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Man’s Better Angels

Man’s Better Angels

Romantic Reformers and the Coming of the Civil War

Philip F. Gura

ISBN 9780674659544

Publication date: 04/10/2017

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Banks failed, credit contracted, inequality grew, and people everywhere were out of work while political paralysis and slavery threatened to rend the nation in two. As financial crises always have, the Panic of 1837 drew forth a plethora of reformers who promised to restore America to greatness. Animated by an ethic of individualism and self-reliance, they became prophets of a new moral order: if only their fellow countrymen would call on each individual’s God-given better instincts, the most intractable problems could be resolved.

Inspired by this reformist fervor, Americans took to strict dieting, water cures, phrenology readings, mesmerism, utopian communities, free love, mutual banking, and a host of other elaborate self-improvement schemes. Vocal activists were certain that solutions to the country’s ills started with the reformation of individuals, and through them communities, and through communities the nation. This set of assumptions ignored the hard political and economic realities at the core of the country’s malaise, however, and did nothing to prevent another financial panic twenty years later, followed by secession and civil war.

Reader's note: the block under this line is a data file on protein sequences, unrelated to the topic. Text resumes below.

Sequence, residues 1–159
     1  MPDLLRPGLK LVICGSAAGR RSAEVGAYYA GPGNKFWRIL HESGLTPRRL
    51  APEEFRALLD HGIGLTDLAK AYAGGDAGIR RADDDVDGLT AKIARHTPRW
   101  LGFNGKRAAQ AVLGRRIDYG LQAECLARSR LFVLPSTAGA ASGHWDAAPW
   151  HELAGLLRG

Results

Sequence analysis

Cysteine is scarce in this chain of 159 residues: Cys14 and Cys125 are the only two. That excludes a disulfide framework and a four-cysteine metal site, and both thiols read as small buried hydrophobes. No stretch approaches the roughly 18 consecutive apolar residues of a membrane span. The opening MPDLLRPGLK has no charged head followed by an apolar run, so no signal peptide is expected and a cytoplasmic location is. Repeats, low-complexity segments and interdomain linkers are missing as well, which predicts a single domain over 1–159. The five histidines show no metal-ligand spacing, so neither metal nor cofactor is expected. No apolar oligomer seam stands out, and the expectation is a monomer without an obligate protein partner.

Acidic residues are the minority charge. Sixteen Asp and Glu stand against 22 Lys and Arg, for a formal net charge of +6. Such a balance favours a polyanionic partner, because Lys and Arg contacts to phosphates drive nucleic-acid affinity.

Focusing on seven individuals—George Ripley, Horace Greeley, William B. Greene, Orson Squire Fowler, Mary Gove Nichols, Henry David Thoreau, and John Brown—Philip Gura explores their efforts, from the comical to the homicidal, to beat a new path to prosperity. A narrative of people and ideas, Man’s Better Angels captures an intellectual moment in American history that has been overshadowed by the Civil War and the pragmatism that arose in its wake.


  • Gura…brilliantly connects the harsh privation of the 1837 depression to the intellectual and spiritual reform movements that emerged in the 1840s and ’50s. He does so by offering us seven roughly sequential portraits of American reformers in which he tethers their idealism to real suffering and their very tangible awareness of the ways their community had failed its members. Linking the cultural and intellectual ferment in the 1840s to the economic failure of 1837 is particularly appropriate at a time when only the oldest Americans can remember pre–New Deal America. Softened by Social Security, Medicaid and the various federal handouts that are now on the chopping block, contemporary Americans can barely imagine how an old-fashioned depression smacked people sideways with bankruptcies, penury, displacement and biting shame.

    —Carol Bundy, Wall Street Journal


  • Philip F. Gura is William S. Newman Distinguished Professor of American Literature and Culture at the University of North Carolina at Chapel Hill.

Book Details

  • 328 pages
  • 5-1/2 x 8-1/4 inches
  • Belknap Press